And goddammit if I don't want to stay with the Billgatesebub operating system just for this one program! Never have I actually seen an MP3 player which did what I want it to, rather than what Bill wants it to ("No, I really don't wanna rip my music in WMA files, Bill. So long and thanks for all the torture.") and makes it easy to do simple tasks that could take ages on other players.
So, what are these cool features?
First off is Smart Playlists. These sound crap, but are actually damn cool. Say you have half an hour before you go out, and you want to listen to some tunes. PLUS you want all of the tunes you listen to to be ones that you like personally, not just some good ones with some mediocre ones you have kicking around, like you'd get on shuffle.
iTunes to the rescue! Click File>New Smart Playlist, give it the conditions for what you want to hear (30 minutes, 4 star rated and above) and BAM: random tracks are selected from your music library according to your criteria, ready for playing/burning as you see fit. As far as I know, this feature does not exist in Windows Media Player, and the only thing close to it within WMP is a preset playlist which cannot have its criteria changed and merely selects songs which you have rated above a certain level. iTunes does this all flexibly and with no fuss. It's a lifesaver if you're on a tight schedule, or just want to listen to the cream of your music collection. If I recall correctly, you win out here anyway-Microsoft wants you to pay for Plus! Digital Media Edition for this functionality-god knows why.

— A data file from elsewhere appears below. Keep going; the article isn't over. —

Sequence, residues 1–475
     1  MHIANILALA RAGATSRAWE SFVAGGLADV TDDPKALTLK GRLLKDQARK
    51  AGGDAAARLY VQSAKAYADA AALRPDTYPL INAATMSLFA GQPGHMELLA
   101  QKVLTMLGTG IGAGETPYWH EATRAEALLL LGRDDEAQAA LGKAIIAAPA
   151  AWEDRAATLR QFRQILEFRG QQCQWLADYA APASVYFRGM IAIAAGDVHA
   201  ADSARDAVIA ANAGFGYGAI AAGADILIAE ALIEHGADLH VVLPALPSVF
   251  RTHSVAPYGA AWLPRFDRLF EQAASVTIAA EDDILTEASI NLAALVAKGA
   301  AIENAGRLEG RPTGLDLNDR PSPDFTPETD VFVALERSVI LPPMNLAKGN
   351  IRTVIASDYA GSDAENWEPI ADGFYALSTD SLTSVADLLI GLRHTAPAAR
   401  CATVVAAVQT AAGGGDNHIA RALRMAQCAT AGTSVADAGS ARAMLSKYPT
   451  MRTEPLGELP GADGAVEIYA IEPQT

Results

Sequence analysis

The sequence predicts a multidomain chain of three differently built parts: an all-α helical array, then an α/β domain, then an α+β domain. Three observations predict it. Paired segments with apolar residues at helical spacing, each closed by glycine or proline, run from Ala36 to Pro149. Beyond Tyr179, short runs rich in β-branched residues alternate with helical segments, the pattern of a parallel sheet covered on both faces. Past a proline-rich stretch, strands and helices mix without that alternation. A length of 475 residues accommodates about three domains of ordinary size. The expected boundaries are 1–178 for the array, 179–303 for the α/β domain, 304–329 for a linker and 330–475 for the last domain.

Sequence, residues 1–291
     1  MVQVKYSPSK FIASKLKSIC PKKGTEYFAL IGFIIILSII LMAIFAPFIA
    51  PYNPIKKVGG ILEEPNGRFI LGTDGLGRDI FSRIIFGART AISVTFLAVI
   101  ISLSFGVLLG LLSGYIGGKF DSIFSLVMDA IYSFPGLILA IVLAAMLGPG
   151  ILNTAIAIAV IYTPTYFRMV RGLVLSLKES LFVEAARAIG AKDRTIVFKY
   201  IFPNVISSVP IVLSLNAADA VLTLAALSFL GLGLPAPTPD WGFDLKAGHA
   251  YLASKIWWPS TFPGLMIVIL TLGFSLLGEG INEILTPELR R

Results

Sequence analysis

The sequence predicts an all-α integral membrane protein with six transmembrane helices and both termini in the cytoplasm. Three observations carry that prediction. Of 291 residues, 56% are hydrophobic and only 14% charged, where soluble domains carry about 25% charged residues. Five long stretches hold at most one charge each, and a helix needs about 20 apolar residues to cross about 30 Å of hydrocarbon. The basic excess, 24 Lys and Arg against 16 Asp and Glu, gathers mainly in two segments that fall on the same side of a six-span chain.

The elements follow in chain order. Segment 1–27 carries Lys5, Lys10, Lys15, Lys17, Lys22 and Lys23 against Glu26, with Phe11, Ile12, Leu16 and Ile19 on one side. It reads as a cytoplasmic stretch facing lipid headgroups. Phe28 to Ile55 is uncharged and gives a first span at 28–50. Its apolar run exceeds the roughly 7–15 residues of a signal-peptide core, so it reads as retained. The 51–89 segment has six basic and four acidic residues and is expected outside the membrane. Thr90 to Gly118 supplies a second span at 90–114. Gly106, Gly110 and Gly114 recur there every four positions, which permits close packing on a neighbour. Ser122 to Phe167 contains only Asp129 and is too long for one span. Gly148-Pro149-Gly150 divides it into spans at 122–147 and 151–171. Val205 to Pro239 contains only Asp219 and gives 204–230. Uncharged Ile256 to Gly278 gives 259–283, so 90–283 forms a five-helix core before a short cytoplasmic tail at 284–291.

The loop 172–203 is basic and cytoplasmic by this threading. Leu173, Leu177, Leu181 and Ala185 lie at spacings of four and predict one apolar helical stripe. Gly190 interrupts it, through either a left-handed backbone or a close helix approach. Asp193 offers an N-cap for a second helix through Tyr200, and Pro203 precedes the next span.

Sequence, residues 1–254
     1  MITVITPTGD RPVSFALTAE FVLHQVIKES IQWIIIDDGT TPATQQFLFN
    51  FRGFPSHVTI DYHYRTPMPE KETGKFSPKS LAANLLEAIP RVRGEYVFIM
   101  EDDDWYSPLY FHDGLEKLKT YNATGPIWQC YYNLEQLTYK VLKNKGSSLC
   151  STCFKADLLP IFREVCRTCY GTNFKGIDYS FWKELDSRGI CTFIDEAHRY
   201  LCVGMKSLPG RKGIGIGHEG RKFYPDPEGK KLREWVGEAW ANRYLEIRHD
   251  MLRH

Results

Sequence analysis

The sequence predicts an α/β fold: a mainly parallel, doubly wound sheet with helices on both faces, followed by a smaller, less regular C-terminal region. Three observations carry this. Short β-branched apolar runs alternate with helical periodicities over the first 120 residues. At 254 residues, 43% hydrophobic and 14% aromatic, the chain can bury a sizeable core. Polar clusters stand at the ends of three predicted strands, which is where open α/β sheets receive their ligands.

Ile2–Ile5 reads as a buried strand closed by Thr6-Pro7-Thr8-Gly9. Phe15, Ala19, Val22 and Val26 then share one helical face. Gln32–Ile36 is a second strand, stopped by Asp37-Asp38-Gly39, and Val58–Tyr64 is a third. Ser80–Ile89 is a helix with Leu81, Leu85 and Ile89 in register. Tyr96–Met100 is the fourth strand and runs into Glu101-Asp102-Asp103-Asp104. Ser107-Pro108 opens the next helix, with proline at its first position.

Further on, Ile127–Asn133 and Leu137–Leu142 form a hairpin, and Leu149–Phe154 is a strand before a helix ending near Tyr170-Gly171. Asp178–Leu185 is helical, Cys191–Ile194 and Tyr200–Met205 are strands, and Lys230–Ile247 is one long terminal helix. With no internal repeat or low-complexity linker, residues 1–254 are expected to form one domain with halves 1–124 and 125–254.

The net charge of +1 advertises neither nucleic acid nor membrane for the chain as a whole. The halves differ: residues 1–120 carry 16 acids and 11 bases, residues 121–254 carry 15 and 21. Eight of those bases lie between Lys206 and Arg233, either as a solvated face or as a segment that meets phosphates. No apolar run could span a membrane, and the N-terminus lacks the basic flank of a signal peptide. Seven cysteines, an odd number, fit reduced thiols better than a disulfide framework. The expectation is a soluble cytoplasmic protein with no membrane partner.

Another great feature is Music Sharing. Put simply, this is a way of streaming your music to another computer running iTunes, be it PC or Mac, over a LAN. It's of no practical use to me, but it's still a nice thing to show off occasionally and make light of your mad skillz. I showed this to my mother, and she was goddamn impressed as a "Joe's Music" icon appeared in the iTunes source list and the PC started to play Seven Nation Army. Like I said, it's not much use to me, but I'm sure there are plenty of people out there who would think it's the shit.